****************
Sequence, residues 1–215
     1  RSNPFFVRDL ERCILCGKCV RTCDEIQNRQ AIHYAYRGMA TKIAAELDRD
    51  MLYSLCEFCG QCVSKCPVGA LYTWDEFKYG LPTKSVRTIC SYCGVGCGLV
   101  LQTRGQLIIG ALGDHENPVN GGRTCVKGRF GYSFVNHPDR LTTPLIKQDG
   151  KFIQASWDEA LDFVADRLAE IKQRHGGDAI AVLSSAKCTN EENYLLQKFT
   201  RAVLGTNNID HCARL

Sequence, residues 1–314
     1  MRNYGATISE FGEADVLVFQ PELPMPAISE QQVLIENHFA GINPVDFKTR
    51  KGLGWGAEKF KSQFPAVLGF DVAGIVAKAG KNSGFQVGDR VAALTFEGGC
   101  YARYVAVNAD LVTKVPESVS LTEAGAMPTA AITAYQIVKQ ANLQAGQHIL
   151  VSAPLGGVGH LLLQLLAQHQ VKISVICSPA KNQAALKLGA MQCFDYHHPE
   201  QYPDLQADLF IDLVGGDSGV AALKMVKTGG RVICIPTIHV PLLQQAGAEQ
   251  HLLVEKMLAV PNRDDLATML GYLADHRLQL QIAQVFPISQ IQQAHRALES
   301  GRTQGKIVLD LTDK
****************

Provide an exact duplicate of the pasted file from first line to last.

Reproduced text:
Sequence, residues 1–215
     1  RSNPFFVRDL ERCILCGKCV RTCDEIQNRQ AIHYAYRGMA TKIAAELDRD
    51  MLYSLCEFCG QCVSKCPVGA LYTWDEFKYG LPTKSVRTIC SYCGVGCGLV
   101  LQTRGQLIIG ALGDHENPVN GGRTCVKGRF GYSFVNHPDR LTTPLIKQDG
   151  KFIQASWDEA LDFVADRLAE IKQRHGGDAI AVLSSAKCTN EENYLLQKFT
   201  RAVLGTNNID HCARL

Sequence, residues 1–314
     1  MRNYGATISE FGEADVLVFQ PELPMPAISE QQVLIENHFA GINPVDFKTR
    51  KGLGWGAEKF KSQFPAVLGF DVAGIVAKAG KNSGFQVGDR VAALTFEGGC
   101  YARYVAVNAD LVTKVPESVS LTEAGAMPTA AITAYQIVKQ ANLQAGQHIL
   151  VSAPLGGVGH LLLQLLAQHQ VKISVICSPA KNQAALKLGA MQCFDYHHPE
   201  QYPDLQADLF IDLVGGDSGV AALKMVKTGG RVICIPTIHV PLLQQAGAEQ
   251  HLLVEKMLAV PNRDDLATML GYLADHRLQL QIAQVFPISQ IQQAHRALES
   301  GRTQGKIVLD LTDK